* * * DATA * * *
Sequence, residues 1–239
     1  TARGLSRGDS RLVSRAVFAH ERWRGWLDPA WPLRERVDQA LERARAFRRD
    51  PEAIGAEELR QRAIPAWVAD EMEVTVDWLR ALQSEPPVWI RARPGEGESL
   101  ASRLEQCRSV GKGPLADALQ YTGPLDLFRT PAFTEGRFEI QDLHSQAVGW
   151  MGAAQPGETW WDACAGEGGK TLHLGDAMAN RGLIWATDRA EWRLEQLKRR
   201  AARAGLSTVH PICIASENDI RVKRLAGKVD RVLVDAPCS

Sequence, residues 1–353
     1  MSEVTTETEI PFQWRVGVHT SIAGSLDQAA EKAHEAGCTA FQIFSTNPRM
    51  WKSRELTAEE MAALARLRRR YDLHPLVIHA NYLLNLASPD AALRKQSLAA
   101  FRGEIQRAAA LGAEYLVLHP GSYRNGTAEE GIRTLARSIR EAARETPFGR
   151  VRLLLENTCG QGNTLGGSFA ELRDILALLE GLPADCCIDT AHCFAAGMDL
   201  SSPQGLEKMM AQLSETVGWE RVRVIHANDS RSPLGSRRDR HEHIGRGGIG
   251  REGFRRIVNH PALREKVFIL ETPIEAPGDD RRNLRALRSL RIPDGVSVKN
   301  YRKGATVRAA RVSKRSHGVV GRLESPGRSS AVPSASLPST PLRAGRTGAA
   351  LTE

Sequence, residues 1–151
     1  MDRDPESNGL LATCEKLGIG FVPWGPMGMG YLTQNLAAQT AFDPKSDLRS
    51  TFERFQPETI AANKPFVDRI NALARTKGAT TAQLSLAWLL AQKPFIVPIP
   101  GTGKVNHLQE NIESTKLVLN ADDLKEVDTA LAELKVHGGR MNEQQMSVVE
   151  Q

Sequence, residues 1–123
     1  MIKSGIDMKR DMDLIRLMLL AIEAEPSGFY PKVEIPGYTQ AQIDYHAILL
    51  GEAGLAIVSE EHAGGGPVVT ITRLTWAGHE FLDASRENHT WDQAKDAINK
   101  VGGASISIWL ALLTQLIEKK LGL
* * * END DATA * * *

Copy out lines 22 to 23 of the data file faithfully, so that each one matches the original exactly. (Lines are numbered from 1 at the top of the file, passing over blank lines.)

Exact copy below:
     1  MIKSGIDMKR DMDLIRLMLL AIEAEPSGFY PKVEIPGYTQ AQIDYHAILL
    51  GEAGLAIVSE EHAGGGPVVT ITRLTWAGHE FLDASRENHT WDQAKDAINK